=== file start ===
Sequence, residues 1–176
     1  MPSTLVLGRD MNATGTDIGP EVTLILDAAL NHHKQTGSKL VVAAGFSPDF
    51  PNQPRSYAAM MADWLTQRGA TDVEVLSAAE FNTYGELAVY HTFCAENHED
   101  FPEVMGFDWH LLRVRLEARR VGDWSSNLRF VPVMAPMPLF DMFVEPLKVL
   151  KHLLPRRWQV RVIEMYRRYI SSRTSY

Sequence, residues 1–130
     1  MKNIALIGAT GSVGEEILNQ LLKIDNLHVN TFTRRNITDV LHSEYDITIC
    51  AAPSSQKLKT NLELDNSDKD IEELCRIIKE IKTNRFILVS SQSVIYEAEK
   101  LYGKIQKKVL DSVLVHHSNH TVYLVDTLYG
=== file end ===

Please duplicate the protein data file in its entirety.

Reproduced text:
Sequence, residues 1–176
     1  MPSTLVLGRD MNATGTDIGP EVTLILDAAL NHHKQTGSKL VVAAGFSPDF
    51  PNQPRSYAAM MADWLTQRGA TDVEVLSAAE FNTYGELAVY HTFCAENHED
   101  FPEVMGFDWH LLRVRLEARR VGDWSSNLRF VPVMAPMPLF DMFVEPLKVL
   151  KHLLPRRWQV RVIEMYRRYI SSRTSY

Sequence, residues 1–130
     1  MKNIALIGAT GSVGEEILNQ LLKIDNLHVN TFTRRNITDV LHSEYDITIC
    51  AAPSSQKLKT NLELDNSDKD IEELCRIIKE IKTNRFILVS SQSVIYEAEK
   101  LYGKIQKKVL DSVLVHHSNH TVYLVDTLYG